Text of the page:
degree, id. at 10, as well as FOIA responses he
received from the Governor and Attorney General of Illinois.
Id. at 6-9.
City moves to dismiss the complaint for failure to state a
claim. Doc. 14. It bases its motion on the meager facts set
forth in the complaint; specifically, the City argues that
“Plaintiff does not mention a position he applied for
or the denial of an application for said position, let alone
any facts underlying his belief that his application was
denied because of his gender.” Id. at 3.
Dubensky responds that he requested from the City (via FOIA)
information about the credentials of its librarians, but
received data on only some of them. Doc. 19 at 23. Dubensky
adds that the data he did receive was incomplete.
parties' punches and counter-punches concern the weight
of the evidence Dubensky might offer to prove his claim, but
evidence is not required at the pleading stage. See
Carlson v. CSX Transp., Inc., 758 F.3d 819, 829 (7th
Cir. 2014) (reversing a Rule 12(b)(6) dismissal where the
district court “faulted [the plaintiff] for not
providing evidence in support of her claims, though of course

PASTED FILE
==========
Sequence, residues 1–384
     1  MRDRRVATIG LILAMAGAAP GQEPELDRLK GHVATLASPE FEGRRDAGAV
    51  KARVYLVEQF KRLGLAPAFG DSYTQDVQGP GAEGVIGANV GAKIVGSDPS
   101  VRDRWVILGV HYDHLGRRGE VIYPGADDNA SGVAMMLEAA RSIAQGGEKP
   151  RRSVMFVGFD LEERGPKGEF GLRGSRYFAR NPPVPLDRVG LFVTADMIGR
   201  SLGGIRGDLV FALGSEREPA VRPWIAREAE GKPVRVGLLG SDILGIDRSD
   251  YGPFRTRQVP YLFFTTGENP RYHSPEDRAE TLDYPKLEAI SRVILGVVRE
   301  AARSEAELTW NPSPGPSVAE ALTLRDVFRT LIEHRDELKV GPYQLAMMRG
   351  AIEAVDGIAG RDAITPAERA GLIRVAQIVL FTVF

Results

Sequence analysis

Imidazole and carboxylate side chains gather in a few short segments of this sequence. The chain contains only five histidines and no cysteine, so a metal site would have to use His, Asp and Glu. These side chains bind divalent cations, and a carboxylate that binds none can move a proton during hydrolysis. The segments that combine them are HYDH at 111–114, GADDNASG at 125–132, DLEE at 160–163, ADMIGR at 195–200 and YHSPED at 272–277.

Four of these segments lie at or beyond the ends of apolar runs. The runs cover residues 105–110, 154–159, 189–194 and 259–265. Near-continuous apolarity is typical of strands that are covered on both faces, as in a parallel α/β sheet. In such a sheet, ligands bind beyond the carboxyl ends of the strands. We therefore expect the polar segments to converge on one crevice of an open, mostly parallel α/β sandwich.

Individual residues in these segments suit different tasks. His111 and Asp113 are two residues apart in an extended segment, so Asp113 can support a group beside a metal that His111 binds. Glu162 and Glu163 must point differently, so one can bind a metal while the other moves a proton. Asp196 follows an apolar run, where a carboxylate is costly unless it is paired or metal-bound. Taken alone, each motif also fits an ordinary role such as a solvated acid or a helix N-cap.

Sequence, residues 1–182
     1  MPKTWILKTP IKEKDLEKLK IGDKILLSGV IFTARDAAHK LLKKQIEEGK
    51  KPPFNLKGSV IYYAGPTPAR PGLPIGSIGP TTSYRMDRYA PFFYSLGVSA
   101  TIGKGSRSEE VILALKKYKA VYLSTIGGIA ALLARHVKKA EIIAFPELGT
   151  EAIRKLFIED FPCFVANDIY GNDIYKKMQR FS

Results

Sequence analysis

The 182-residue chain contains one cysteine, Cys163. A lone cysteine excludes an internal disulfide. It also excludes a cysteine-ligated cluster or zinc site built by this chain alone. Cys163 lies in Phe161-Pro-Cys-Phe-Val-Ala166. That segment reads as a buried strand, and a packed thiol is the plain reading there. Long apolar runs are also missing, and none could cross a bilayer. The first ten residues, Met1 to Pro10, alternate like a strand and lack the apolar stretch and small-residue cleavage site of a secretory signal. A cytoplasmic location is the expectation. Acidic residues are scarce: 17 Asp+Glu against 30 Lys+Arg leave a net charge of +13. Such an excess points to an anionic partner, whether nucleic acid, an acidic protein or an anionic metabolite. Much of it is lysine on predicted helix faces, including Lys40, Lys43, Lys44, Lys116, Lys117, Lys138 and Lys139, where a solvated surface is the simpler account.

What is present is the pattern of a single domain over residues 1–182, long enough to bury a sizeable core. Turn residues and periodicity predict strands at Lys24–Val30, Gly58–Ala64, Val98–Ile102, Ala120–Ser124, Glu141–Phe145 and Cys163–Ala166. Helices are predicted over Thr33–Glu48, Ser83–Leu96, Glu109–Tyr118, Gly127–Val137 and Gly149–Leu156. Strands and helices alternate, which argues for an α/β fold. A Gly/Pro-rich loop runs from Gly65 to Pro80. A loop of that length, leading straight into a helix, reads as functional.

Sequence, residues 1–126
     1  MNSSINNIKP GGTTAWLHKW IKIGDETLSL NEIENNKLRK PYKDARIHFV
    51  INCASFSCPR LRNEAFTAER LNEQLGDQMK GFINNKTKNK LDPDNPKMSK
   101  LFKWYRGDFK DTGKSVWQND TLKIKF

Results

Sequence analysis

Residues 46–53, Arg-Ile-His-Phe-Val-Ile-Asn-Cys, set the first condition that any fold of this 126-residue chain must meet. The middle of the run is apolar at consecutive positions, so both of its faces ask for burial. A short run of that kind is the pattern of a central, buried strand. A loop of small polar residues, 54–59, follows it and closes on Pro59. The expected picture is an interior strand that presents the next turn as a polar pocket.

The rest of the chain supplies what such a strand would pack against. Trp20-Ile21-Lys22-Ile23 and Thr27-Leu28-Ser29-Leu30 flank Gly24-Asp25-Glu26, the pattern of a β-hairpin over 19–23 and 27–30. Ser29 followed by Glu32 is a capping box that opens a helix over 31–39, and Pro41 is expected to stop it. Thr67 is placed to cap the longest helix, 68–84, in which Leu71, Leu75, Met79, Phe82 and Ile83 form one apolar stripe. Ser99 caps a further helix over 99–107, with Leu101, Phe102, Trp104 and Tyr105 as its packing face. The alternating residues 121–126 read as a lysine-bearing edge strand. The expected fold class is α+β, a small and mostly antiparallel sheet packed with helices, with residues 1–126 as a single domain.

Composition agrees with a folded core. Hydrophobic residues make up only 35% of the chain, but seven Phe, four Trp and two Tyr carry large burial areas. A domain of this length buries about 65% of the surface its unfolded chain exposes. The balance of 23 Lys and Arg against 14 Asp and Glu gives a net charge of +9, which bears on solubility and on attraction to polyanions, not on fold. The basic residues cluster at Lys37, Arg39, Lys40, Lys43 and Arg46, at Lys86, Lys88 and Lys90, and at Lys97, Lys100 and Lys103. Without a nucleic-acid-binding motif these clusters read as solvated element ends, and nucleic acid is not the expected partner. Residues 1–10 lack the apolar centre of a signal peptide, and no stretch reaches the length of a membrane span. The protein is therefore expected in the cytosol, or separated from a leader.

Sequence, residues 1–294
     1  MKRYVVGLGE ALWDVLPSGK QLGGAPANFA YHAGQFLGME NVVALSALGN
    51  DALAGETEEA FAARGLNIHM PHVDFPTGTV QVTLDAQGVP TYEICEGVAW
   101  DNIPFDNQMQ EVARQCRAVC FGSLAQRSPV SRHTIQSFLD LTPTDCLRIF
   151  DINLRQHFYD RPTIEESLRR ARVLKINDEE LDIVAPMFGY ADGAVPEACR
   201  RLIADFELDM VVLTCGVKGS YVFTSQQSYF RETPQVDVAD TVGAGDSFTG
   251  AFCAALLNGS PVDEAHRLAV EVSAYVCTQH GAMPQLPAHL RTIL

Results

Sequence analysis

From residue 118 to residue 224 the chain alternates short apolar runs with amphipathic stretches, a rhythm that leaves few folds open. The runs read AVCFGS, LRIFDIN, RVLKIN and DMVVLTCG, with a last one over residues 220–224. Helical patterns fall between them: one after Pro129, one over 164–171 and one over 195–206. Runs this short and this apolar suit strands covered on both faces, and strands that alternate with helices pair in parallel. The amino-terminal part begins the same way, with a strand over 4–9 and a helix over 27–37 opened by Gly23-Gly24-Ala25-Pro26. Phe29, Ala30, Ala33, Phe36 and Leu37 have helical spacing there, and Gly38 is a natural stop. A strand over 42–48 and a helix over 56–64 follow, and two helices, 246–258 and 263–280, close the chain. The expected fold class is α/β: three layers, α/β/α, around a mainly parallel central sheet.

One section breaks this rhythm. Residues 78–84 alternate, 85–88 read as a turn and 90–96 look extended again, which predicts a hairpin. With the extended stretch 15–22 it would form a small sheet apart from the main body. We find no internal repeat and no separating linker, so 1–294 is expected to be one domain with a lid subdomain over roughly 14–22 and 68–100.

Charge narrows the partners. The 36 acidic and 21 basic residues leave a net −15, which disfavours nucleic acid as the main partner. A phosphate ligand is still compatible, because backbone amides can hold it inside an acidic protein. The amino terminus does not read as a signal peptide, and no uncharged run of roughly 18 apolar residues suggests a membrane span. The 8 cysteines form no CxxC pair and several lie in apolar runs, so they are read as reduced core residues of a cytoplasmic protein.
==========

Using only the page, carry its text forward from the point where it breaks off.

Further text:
evidence is not required at the pleading stage”)
(internal citation and quotation marks omitted). Instead, on
a motion to dismiss, the court must accept the well-pleaded
facts as true and then determine, on that factual predicate,
whether the plaintiff has a plausible claim to relief.
Putting aside the evidentiary disputes about whether Dubensky
was adequately credentialed as compared to the librarians the
City did hire, and construing the complaint as the court must
when considering a pro se complaint, see
Erickson v. Pardus, 551 U.S. 89, 94 (2007) (“A
document filed pro se is to be liberally construed
… .”) (internal quotation marks omitted);
Anderson v. Hardman, 241 F.3d 544, 545 (7th Cir.
2001) (same), the facts alleged are these: Dubensky was
denied a librarian job at the Library on June 17, 2016, and
the denial was based on his sex. Even after Bell Atlantic
Corp. v. Twombly, 550 U.S. 544 (2007), that is all it
takes in the Seventh Circuit to state a viable Title VII
claim. See Tate v. SCR Medical Transp., 809 F.3d
343, 346 (7th Cir. 2015) (“[T]o prevent dismissal under
Rule 12(b)(6), a complaint alleging sex discrimination need
only aver that the employer … instituted a (specified)